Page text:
Public Health Division
Public Health Division

Bioterrorism & Public Health Preparedness Information

Because of the terrorist attack on September 11, 2001 and anthrax-related incidents, community concern about bioterrorism has increased.  However, the real risk of bioterrorism to you and your family is extremely small.  At this time, there is no evidence of a current or threatened bioterrorism attack in Berkeley.  The information below is provided to help you understand potential risks, take sensible steps to protect yourself, and move forward with daily activities.


City of Berkeley Public Health Division
1947 Center Street, Second Floor, Berkeley, CA 94704
Map to Public Health Division

510-981-5300 (Phone)   510-981-5395 (Fax)   510-981-6903 (TDD)

TTervalon@CityofBerkeley.info 

Monday - Friday: 8:00am - 5:00pm


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City of Berkeley Bioterrorism Preparedness and Response

Links To Additional Bioterrorism Information

Local Public Health Departments


City of Berkeley Bioterrorism Preparedness and Response

Bioterrorism is the intentional use of biological agents such as bacteria, viruses or poisons to cause harm in people, animals, or plants.  The City of Berkeley and its Public Health staff have the ability to identify and respond to infectious disease outbreaks, including outbreaks caused by deliberate, terrorist use of biological agents.  City staff has been working with local medical providers, Alameda County, the State Department of Health Services, the Governor's Office of Emergency Services, and the U.S. Centers for Disease Control and Prevention to research bioterrorism and develop response plans.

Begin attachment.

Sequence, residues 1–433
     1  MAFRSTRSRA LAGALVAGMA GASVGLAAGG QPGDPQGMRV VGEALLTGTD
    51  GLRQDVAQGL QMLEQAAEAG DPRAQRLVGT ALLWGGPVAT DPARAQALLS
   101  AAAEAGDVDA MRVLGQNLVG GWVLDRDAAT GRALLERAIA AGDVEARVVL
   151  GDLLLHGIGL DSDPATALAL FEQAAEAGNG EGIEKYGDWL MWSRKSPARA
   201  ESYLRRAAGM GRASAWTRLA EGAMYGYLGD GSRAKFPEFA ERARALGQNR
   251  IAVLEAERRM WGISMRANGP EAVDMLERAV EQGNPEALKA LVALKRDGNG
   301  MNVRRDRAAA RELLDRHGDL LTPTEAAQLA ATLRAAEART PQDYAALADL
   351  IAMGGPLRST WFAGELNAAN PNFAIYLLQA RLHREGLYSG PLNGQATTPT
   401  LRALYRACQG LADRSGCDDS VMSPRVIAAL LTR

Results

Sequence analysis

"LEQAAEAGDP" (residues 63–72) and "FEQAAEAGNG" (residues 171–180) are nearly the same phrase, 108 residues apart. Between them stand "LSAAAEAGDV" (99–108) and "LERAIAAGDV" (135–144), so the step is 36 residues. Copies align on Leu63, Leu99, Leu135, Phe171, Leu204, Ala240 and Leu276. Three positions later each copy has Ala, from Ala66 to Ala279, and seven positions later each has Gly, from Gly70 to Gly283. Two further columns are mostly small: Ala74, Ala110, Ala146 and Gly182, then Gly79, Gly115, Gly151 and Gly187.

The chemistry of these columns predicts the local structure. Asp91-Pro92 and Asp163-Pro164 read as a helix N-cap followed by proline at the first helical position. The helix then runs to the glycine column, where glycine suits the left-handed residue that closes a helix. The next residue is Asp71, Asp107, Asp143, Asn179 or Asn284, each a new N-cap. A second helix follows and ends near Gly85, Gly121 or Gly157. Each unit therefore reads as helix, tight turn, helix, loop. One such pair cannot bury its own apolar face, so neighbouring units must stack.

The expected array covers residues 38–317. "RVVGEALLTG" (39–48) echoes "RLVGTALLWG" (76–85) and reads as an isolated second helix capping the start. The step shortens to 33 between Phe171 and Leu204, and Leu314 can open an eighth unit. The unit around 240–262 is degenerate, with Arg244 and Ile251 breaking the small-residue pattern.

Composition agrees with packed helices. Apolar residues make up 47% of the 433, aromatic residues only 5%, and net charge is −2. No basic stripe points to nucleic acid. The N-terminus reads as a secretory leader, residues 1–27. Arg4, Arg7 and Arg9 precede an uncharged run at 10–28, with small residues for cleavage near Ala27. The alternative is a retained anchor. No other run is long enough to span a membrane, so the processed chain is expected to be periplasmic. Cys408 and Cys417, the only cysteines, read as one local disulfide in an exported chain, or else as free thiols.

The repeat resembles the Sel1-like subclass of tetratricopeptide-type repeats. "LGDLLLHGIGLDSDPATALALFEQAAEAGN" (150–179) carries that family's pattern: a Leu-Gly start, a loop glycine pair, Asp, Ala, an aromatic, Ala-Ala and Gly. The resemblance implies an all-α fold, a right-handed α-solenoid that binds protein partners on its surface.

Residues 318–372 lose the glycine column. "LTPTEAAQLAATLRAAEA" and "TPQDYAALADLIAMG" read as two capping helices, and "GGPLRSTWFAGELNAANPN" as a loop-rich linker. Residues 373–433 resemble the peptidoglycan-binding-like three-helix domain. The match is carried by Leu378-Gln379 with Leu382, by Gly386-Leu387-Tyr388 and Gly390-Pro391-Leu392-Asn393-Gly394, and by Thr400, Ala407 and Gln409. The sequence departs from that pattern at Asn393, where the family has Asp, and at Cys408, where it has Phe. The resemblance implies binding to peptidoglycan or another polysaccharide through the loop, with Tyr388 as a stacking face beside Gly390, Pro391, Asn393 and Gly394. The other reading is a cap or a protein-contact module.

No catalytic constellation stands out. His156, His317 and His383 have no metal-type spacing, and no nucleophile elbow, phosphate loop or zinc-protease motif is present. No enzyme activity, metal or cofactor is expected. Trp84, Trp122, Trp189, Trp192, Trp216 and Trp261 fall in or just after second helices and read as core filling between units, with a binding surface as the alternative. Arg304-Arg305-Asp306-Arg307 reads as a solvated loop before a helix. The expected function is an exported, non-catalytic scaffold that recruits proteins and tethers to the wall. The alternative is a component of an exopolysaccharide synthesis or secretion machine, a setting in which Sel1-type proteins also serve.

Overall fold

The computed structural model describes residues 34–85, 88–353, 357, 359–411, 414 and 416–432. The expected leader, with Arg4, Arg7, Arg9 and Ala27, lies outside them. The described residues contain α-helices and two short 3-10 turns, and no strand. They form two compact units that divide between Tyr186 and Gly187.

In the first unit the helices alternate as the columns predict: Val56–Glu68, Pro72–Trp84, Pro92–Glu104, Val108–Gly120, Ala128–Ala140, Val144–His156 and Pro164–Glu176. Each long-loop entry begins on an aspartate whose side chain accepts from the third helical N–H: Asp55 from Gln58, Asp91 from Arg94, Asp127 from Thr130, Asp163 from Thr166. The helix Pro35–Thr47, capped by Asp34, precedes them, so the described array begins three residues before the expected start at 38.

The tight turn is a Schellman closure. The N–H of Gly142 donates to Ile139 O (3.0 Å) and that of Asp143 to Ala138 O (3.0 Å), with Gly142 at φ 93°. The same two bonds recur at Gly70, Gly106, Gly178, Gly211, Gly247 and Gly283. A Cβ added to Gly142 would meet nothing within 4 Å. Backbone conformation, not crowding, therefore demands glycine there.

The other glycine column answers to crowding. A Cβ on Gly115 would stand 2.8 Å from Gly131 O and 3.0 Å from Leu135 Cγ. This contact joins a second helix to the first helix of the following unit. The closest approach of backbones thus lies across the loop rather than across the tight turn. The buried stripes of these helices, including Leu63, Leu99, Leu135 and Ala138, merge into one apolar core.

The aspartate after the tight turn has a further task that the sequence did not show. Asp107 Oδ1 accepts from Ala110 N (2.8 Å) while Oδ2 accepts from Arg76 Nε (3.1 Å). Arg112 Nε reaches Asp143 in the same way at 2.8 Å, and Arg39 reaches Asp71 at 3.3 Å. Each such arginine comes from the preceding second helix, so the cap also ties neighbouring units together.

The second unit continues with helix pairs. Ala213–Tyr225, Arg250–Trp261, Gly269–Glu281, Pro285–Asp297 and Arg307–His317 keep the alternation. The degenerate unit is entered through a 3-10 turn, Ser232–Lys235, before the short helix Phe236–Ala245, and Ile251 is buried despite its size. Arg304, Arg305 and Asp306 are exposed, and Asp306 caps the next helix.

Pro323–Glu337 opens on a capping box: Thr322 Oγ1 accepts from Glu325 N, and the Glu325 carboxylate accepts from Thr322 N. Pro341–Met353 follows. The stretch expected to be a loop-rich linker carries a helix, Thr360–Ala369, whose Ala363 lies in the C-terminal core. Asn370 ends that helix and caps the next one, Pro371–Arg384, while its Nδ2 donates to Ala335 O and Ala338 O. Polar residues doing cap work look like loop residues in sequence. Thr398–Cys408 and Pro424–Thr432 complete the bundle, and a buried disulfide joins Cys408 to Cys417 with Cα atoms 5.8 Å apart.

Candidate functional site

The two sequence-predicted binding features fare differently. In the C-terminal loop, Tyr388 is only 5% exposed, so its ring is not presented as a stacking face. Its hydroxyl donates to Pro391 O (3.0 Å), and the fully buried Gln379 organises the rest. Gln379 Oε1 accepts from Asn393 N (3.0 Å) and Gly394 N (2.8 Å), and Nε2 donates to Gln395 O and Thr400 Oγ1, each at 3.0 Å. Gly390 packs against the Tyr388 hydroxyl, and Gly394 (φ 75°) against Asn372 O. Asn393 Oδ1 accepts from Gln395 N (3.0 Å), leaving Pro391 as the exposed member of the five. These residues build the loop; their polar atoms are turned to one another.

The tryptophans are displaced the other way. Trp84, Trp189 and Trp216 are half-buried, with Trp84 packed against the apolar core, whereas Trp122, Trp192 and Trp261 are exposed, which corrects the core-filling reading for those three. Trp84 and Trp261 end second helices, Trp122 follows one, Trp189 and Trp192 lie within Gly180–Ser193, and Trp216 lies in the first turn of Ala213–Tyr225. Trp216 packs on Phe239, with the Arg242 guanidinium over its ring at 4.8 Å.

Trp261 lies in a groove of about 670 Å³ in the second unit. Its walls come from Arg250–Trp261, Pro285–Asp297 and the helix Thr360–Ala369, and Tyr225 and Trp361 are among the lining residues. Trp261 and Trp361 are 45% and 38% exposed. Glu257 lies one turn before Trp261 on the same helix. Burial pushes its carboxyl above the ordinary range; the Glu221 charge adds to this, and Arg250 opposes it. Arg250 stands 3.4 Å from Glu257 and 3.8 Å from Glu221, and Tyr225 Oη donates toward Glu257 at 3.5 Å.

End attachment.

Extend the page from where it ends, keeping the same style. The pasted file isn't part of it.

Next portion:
Like cities across the country since the September 11th terrorist attacks and subsequent anthrax incidents, the City of Berkeley is working to expand its overall bioterrorism response capacity.  City of Berkeley staff continue to closely monitor events on the East Coast and provide appropriate public health information and services to our community.  We are also building upon existing local, state and national partnerships to:

  • strengthen surveillance methods for early warning of a bioterrorism event,

  • facilitate the diagnosis of cases for the private medical sector,

  • coordinate rapid treatment for Berkeley residents if they are exposed,

  • implement increased communicable disease control and prevention strategies to help keep Berkeley safe, and
    further coordinate public health response systems with other emergency responders such as police, fire and hazardous materials experts. 

 



Questions and Answers About Flu Shots and Anthrax

 Will the Flu shot protect me from Anthrax?

  • NO.  Anthrax is a bacteria and the flu is a virus.

If I get the flu shot and I have flu-like symptoms, does that mean I have Anthrax?

  • NO.  There are many other viruses that cause flu-like symptoms.  Getting the flu or having flu-like symptoms does not mean that you have anthrax.  There are many people who could get very ill or die if they contracted the flu.  It is important that these people get the flu shot first.

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Information About Common Bioterrorism Agents

Information is provided about some of the following bioterrorist agents commonly discussed in the media.  None of these agents has been identified in a human case in Berkeley or California. 

The City of Berkeley recommends that people do not take vaccines or preventive antibiotics related to any of these agents unless there has been a documented exposure.  Doing so could create problems, such as encouraging resistance to antibiotics.  To date there have been no documented human exposures to bioterrorist agents in Berkeley or California. 

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Links to Websites With Additional Bioterrorism Information

Local Public Health Departments 

Other Useful City of Berkeley Web Pages


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Public Health Division, 1947 Center Street, 2nd Floor, Berkeley, CA 94704
Questions or comments? Email: publichealth@cityofberkeley.info Phone: (510) 981-5300
(510) 981-CITY/2489 or 311 from any landline in Berkeley
TTY: (510) 981-6903
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